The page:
Last week, the international development community celebrated the United Nations Day for South-South Cooperation, an opportunity for stakeholders to examine how developing and emerging countries can share knowledge, exchange best practices and pursue joint projects to generate tangible solutions to development challenges.
As a young officer in Argentina’s ministry of health, I attended in 1978 the first U.N. Conference on Technical Cooperation among Developing Countries, which produced the Buenos Aires Plan of Action to offer guidance and new energy to the concept of South-South cooperation. Almost at the same time, in Kazakhstan, which was then still part of the Soviet Union, the International Conference on Primary Health Care concluded with the Alma Ata Declaration, a public health milestone that recognized health as a fundamental human right.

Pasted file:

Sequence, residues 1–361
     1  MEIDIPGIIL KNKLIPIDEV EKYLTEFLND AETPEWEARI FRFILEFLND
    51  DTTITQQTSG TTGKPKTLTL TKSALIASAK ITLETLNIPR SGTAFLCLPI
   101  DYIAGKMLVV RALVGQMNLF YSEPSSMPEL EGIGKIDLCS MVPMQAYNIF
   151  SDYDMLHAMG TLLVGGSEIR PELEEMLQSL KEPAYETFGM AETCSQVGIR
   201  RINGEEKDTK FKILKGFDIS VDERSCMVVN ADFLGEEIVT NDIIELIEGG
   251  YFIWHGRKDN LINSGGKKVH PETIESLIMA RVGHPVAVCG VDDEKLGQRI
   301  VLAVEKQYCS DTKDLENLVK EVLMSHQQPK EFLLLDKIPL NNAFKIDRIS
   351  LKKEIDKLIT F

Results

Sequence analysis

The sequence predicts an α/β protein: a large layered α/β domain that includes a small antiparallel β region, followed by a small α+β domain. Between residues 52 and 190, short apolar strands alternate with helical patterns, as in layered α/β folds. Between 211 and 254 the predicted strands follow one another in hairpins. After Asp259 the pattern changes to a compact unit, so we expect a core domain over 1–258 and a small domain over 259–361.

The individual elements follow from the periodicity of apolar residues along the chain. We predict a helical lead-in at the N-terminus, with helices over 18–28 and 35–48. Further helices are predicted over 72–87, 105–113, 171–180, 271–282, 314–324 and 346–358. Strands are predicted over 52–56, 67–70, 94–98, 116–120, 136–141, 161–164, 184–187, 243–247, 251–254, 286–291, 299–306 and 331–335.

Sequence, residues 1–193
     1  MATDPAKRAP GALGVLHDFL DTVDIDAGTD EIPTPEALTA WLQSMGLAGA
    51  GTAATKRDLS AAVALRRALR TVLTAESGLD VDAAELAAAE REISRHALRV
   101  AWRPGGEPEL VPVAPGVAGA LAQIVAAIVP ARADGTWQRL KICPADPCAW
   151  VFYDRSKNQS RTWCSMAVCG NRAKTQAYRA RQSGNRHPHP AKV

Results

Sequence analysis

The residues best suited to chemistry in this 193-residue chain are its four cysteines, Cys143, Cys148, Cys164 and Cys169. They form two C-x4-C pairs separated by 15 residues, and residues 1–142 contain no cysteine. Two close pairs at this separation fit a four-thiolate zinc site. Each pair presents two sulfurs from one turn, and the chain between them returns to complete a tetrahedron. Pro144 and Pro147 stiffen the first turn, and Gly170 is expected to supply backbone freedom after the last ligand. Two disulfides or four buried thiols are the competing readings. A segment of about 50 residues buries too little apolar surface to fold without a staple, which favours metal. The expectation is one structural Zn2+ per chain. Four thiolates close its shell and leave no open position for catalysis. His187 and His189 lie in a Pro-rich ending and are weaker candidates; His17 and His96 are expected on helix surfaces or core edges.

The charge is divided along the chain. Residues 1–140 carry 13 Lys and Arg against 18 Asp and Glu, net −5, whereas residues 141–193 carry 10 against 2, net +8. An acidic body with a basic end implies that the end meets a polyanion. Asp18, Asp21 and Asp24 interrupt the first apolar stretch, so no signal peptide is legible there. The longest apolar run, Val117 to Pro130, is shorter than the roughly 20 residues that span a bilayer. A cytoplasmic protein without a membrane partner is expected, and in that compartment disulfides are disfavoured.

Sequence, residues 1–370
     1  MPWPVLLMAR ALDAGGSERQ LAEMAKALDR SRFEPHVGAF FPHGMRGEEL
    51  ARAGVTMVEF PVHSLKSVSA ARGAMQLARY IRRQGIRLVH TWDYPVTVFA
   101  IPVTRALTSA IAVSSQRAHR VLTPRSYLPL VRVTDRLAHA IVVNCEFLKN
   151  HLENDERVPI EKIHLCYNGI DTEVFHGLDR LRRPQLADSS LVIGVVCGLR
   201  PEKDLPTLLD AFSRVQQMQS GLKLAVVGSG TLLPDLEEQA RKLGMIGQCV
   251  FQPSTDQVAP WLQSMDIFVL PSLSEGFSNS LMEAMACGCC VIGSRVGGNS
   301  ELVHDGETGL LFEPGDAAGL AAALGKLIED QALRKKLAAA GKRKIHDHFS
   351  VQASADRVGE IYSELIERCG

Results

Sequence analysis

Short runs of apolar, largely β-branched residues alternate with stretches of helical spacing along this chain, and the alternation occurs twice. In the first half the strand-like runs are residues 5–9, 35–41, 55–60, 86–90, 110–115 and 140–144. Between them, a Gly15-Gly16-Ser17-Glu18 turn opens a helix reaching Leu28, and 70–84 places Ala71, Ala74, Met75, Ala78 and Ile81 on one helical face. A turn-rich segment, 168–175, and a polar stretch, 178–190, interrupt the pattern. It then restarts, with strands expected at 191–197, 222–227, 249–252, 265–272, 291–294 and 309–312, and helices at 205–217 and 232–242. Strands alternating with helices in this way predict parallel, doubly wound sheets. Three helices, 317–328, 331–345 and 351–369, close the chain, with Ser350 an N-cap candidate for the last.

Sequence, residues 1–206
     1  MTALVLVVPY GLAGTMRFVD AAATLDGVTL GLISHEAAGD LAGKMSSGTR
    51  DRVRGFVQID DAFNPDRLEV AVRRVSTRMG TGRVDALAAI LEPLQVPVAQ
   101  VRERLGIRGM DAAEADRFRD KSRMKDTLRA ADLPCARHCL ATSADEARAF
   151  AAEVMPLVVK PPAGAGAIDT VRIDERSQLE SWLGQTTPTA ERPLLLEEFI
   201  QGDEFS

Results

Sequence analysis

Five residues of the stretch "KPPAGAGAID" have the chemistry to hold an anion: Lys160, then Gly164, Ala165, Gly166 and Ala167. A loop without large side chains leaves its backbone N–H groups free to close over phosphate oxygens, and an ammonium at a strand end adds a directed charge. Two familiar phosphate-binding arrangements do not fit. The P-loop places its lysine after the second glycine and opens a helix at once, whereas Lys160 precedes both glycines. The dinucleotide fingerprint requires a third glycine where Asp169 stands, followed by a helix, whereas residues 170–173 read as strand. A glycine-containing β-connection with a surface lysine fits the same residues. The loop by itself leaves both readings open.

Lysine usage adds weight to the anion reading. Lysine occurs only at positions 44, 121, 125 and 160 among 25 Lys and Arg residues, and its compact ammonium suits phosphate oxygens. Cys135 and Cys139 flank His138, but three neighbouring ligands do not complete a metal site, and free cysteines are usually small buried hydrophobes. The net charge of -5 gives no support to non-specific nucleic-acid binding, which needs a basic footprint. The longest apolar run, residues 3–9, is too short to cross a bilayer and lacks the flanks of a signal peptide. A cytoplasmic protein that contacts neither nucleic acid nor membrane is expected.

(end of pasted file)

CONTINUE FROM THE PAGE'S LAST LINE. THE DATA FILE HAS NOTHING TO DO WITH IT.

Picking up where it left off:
It was an exciting time to be a part of these landmarks in public health, and see how these principles are being carried out today.
A closer look at Brazil and Venezuela’s joint commitment to control and eliminate neglected tropical diseases within the Yanomami community — a nomadic indigenous tribe of approximately 35,000 people — highlights the key role South-South cooperation has had in reaching populations that need key health interventions. Equally important, this successful model can be replicated within Latin America and the Caribbean, as well as across the globe.
The Yanomami live in a remote stretch of tropical rainforests and mountains in the border area of northern Brazil and southern Venezuela. The area is over 9.6 million hectares — about twice the size of Switzerland — and represents the largest forested indigenous territory in the world. However, this entire community is affected by or at risk of contracting the parasitic disease onchocerciasis, or river blindness, which is caused by fly bites and can lead to loss of sight.